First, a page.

Shares of Capri Holdings Ltd. climbed in Wednesday premarket trading after the luxury fashion group notched better-than-expected earnings in the third quarter — and predicted its growth would exceed pre-pandemic levels in a matter of a couple years.
For the three months ended Dec. 26, the Michael Kors, Versace and Jimmy Choo parent logged adjusted profits of $250 million, or $1.65 per diluted share, compared with the prior year’s profits of $253 million, or $1.66 per diluted share. Wall Street had anticipated earnings of $1.01.
However, revenues fell 17.1% to $1.3 billion, versus market watchers’ bets of $1.33 billion. Its e-commerce business, on the other hand, improved 65%.
As of 9:00 a.m. ET, CPRI was up nearly 7% to $45.65. Over the past year, its stock has risen more than 43%.
“We were pleased with our third-quarter results as revenue improved sequentially and exceeded our expectations. As we continued to execute on our strategic initiatives, earnings were meaningfully higher than anticipated driven by significant gross margin expansion,” chairman and CEO John Idol said in a statement. “We also remain encouraged by the double-digit increases in our customer databases as we continue to attract new consumers to each of our luxury houses.”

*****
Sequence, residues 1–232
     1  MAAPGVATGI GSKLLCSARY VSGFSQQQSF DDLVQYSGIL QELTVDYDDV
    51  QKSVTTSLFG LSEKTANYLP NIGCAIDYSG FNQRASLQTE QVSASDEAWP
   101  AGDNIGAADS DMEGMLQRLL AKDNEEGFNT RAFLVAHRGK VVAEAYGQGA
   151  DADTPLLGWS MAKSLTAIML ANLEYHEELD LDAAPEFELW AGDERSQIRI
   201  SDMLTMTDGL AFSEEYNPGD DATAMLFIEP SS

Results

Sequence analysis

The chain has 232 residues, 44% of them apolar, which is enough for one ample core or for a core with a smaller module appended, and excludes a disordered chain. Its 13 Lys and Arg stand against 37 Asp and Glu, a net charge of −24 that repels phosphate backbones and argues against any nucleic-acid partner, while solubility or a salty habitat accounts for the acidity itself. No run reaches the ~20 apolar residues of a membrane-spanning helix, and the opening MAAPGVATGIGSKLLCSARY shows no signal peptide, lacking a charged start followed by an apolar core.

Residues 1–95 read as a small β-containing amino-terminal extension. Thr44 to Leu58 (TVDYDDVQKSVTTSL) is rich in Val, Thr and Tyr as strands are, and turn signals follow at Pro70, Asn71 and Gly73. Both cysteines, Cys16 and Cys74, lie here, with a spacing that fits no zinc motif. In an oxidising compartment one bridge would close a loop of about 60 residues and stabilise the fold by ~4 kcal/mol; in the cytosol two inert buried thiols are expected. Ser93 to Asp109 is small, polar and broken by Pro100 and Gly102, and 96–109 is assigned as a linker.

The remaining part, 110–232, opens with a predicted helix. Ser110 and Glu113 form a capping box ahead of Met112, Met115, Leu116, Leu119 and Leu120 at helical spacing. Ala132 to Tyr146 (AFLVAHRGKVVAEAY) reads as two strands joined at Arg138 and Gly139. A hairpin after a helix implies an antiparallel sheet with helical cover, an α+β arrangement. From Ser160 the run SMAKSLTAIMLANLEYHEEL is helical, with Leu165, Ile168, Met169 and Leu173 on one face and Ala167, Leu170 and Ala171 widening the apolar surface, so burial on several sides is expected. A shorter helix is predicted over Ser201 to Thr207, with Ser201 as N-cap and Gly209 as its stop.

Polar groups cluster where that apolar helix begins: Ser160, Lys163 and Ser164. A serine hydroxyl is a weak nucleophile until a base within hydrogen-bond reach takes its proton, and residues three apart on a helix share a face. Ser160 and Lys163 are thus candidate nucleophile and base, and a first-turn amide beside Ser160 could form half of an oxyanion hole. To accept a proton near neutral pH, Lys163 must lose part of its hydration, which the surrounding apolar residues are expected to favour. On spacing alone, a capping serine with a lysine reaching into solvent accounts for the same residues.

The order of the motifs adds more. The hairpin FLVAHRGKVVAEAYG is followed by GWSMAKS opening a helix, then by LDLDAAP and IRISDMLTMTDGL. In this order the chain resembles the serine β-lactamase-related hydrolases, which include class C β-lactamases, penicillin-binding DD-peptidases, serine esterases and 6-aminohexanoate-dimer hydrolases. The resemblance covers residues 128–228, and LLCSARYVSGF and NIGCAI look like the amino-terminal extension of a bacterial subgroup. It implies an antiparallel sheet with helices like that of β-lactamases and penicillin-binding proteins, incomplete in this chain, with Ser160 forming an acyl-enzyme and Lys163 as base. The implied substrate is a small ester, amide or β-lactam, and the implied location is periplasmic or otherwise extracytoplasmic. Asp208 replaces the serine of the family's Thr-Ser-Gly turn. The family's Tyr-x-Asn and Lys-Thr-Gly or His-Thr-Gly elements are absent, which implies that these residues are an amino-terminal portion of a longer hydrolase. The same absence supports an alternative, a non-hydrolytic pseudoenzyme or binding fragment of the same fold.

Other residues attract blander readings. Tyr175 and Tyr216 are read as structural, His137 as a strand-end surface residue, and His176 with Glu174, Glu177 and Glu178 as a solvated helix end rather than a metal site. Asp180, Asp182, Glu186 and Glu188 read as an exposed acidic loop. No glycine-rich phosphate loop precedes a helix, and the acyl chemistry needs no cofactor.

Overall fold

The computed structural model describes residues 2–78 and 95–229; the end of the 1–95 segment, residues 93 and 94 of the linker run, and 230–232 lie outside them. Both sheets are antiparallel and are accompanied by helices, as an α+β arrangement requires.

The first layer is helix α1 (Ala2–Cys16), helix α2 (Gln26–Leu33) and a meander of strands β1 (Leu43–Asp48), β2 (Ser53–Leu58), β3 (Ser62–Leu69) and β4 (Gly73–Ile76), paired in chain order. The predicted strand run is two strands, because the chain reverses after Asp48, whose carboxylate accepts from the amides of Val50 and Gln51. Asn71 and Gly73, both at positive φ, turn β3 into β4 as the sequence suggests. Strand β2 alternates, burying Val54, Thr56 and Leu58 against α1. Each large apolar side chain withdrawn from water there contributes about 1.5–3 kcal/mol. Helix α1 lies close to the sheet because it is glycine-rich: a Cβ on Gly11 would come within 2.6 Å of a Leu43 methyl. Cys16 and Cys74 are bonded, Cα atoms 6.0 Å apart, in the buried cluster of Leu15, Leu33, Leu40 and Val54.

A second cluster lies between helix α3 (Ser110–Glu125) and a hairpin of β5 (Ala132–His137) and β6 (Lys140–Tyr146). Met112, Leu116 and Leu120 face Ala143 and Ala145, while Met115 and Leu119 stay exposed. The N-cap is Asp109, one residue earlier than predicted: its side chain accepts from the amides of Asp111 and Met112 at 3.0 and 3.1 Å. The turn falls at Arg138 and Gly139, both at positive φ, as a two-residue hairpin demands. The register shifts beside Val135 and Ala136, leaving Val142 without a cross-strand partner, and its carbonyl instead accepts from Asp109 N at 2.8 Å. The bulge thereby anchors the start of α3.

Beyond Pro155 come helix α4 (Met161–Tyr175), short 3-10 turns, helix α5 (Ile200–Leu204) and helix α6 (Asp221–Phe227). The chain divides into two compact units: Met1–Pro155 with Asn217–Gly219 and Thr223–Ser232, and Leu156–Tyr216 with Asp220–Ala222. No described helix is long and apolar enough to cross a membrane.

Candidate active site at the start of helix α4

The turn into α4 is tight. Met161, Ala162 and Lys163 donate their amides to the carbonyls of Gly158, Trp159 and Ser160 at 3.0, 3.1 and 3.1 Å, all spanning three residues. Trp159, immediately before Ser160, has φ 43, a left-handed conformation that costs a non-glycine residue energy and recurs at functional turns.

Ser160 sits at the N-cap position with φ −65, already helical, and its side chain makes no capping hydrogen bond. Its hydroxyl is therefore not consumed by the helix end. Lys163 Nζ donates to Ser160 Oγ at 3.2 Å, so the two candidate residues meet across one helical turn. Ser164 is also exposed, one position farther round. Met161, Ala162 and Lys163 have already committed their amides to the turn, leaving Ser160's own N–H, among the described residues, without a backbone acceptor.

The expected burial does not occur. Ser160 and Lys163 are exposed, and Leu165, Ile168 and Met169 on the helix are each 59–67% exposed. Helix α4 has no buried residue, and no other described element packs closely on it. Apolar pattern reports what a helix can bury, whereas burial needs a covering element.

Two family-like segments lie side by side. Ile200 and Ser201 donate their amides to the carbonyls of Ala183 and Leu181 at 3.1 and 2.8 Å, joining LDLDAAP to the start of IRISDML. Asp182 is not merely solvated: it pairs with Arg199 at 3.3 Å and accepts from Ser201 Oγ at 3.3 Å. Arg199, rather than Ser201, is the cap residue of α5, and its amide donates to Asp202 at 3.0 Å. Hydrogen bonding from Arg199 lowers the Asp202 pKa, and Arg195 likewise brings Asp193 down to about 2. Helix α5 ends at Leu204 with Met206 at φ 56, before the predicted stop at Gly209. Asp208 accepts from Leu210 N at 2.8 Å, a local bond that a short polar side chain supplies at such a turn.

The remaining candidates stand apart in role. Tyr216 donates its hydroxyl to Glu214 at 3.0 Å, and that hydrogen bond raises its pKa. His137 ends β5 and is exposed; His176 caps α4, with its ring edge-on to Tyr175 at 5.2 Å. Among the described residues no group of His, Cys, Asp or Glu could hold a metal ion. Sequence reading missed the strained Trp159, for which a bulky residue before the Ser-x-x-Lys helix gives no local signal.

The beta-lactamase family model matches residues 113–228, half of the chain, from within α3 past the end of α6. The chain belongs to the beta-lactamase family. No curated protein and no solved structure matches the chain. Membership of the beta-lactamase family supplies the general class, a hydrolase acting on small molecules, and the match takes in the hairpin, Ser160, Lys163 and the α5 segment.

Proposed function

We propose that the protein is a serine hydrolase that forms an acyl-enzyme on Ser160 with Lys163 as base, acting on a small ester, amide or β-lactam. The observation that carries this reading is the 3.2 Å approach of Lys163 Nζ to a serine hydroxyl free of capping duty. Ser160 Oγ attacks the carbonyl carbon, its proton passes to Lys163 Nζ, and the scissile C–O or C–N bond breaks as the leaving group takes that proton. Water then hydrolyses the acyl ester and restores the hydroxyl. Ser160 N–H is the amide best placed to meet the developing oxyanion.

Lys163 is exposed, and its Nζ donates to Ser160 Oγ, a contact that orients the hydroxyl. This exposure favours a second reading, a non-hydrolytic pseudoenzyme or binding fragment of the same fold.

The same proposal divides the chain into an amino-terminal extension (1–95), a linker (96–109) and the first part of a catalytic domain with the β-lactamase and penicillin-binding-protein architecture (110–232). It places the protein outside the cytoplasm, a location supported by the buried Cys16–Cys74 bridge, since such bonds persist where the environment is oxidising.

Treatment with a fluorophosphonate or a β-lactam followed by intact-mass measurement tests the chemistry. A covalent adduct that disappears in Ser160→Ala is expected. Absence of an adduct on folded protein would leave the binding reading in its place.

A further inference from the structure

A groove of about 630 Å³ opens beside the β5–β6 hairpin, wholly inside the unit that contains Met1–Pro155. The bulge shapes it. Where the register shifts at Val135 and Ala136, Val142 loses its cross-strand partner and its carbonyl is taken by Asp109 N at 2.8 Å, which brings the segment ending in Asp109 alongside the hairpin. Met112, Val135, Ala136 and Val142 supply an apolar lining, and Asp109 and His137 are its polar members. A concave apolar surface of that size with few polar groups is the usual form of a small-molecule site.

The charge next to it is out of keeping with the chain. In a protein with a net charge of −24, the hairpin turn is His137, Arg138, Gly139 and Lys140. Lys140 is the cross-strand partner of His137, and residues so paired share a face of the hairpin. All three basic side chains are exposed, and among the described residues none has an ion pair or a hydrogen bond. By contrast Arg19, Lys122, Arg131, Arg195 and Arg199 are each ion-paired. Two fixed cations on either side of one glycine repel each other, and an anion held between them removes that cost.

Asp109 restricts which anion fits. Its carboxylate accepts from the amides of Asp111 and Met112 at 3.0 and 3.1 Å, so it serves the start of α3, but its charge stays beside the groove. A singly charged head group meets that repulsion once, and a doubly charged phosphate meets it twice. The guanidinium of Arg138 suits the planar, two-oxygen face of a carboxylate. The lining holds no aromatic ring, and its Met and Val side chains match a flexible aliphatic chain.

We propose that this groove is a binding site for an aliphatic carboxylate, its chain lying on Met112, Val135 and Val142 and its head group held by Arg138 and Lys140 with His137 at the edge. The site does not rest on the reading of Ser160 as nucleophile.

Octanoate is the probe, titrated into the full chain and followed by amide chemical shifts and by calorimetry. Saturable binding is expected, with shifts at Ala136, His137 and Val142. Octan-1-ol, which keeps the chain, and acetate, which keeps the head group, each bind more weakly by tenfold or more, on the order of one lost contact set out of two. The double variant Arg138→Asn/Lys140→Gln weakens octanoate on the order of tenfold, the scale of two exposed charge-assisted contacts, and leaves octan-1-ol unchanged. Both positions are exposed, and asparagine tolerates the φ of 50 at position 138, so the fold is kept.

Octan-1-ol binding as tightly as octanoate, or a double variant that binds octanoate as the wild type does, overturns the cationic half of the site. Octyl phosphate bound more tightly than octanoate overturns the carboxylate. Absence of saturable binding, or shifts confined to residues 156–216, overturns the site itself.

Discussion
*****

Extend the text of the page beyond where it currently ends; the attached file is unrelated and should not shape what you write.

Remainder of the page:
Like many fashion purveyors, Capri has seen a lag in sales as shoppers continue to opt for sweats and slippers over dresses and heels amid the persistent COVID-19 pandemic. It saw positive retail sales in Asia across all of its luxury houses, driven by double-digit growth in Mainland China. Renewed lockdowns across certain countries in Europe, however, have offset those gains.
During the third quarter, sales at Versace were flat at $195 million. Jimmy Choo and Michael Kors saw respective revenue declines of 26.7% to $121 million and 18.6% to $986 million.
Although Capri did not provide an outlook for the 2021 fiscal year, Idol expressed optimism. Over the past several months, the luxury conglomerate has taken several steps in a bid to preserve liquidity, such as cutting back on operating expenses, reducing capital expenditures and suspending its share repurchase program.
“By fiscal 2023, we anticipate revenue and earnings per share will exceed pre-pandemic levels,” he said. “We remain confident that our three luxury houses position Capri Holdings to deliver multiple years of revenue and earnings growth as well as increase shareholder value.”